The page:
• Lifeboat



    By the standards of most of Alfred Hitchcock's work, even this one seems underseen - but knowing how much he can work with in a very limited setting there's only so much more that can be done to create a tense atmosphere that only if ever feels characteristic to a director that's remained a household name over the years. Even then, that minimalism which is employed within Lifeboat when considering its setting only ever remains so chilling. Every performance here…

  • A Snake of June

    A Snake of June


    I'm almost certain this might just be one of the greatest films of the 21st century; an erotic masterpiece unfolding in the style of a neo-noir, by way of Shinya Tsukamoto. This is only the second Tsukamoto film that I've seen, following Tetsuo: The Iron Man, but I'm already certain that he's bound to be a film director I'm going to love as I keep watching more of his work. But with talking a film like A Snake of June,…

  • After Yang

    After Yang


    Sundance 2022, #1 (Spotlight)

    Much like Kogonada's prior Columbus, it feels very highly meditative - though I'm mostly in awe at how he takes what worked for him in there into a more vast concept and setting, looking at the world from the eyes of artificial intelligence. Nonetheless, there's a wonderful sense of intimacy present in how it looks at the concept of what it means to be living the life of a human being.

    But even then, when life…

  • A Hero

    A Hero


    Asghar Farhadi doesn't look through a lens of simple "good" or "bad," but looking through how the world goes through the eyes of Rahim in A Hero, we're just seeing a man who feels imprisoned by circumstances of debt - thrown back and forth. In most films, this could easily be seen as a point of view made to be sympathetic, which makes the title A Hero sound fitting enough, yet he gives us a chance to question whether he…

  • River's Edge

    River's Edge


    Unfolds akin to a horror movie - especially in how it presents a collection of horrifying circumstances based on how younger people can interpret them, starting off with a murder and the instincts coming forth about how the youth choose to respond. When taking into consideration the fact that it opened within the same time frame as Stand by Me, it feels like a much darker counterpart, because of how this film captures a sense of disillusionment that the youth find themselves engaging with upon a tragic event.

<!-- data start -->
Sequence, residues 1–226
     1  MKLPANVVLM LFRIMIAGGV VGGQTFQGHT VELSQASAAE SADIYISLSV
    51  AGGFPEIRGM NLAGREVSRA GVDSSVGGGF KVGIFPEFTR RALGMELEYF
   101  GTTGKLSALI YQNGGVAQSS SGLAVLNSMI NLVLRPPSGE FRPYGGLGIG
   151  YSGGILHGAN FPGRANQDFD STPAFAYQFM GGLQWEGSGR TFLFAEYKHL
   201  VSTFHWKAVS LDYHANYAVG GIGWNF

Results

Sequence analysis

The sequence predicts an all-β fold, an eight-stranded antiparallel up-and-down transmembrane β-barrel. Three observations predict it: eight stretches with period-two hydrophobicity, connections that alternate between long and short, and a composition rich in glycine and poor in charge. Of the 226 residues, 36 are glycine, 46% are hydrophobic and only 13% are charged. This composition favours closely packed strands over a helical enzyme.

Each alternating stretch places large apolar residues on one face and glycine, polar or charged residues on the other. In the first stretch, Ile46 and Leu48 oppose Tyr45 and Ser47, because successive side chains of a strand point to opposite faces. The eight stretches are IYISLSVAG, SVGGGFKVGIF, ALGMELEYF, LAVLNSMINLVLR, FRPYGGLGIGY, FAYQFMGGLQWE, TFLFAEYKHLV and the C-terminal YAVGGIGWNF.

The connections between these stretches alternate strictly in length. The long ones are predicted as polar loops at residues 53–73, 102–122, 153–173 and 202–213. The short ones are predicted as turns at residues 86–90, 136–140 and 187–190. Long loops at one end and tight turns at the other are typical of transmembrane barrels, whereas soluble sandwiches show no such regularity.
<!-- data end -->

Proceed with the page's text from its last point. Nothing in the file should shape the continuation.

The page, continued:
And also, a young Keanu Reeves is just astonishing in here.

  • Happy Together

    Happy Together


    Maybe the most overtly sad film that Wong Kar-wai has ever made; because of the immense detail to which he places in depicting the manner in which love sweeps one away - to a point of possessiveness, infidelity, eventually to the point it just feels like it hurts. It's one among many reasons why the English-language title, taking from the Turtles' song of the same name fits to describe how the film pans out. This is a pained relationship at…

  • The Negotiator

    The Negotiator


    This movie could easily be trimmed down by at least 20 minutes, and the script also might need a lot of work because it's not near as tight as it could be, yet it's still very gripping to see the whole scenario unfold. Even then, I feel like it's mostly the actors at the center who are keeping everything as entertaining as it is - considering there's not much else to write about when covering the way it's directed by…

  • In Search of Famine

    In Search of Famine


    Not my first Mrinal Sen; though I imagine he's going to be a director whose work I'll be actively looking out for. It's interesting to watch a movie that completely interrogates the ethics behind filmmaking given the subject that the protagonist intends on covering - by making a film about a famine which killed many living in rural India in the 1940's. In covering his opportunism, there's also a question being raised about what said art will ultimately do for…

  • Set It Off

    Set It Off


    Maybe the most fun that an F. Gary Gray movie has ever been - but also one that oddly feels very timely. Gray directs Set It Off akin to a hip hop music video, but it also fits perfectly when considering the circumstances at play - and ultimately what motivated the robbery. Gray pulls no punches with the depiction of living under a racist society, constantly pushing these women on edge. The dynamic between all four of them can be felt;…

  • Day for Night

    Day for Night


    Jean-Luc Godard dismissed Day for Night as a "lie" but I think maybe that's the point that François Truffaut was trying to make about the film, and why it ultimately wins me over. It's a love letter to making movies, but it doesn't shy away from the fact that even behind the scenes, anything could really happen to stint any production. Even then, when you're taking Day for Night as a movie all about trying to keep everything together despite…

  • Breathless



    Feels like it encapsulates everything that the Jean-Paul Belmondo character in Jean-Luc Godard's Breathless represents, especially in that he was a self-obsessed caricature wanting to build himself out as one built of culture, wooing over a girl because of that shallow self-interest. But I think that where Jim McBride succeeds in making his take of Breathless stand out is felt first in the reversals - an American man now attempting to woo over a French girl (it was opposite in…

  • New Rose Hotel

    New Rose Hotel


    Hypnotic in all the best ways possible, but I think that the structure of a film like New Rose Hotel is one that's bound to stick with any viewer. But I think that it's only fitting enough to say that Abel Ferrara isn't the sort of filmmaker you can pin down with just a couple of films. Even then, what I love most about New Rose Hotel comes from the fact that it noticeably isn't really so much a film…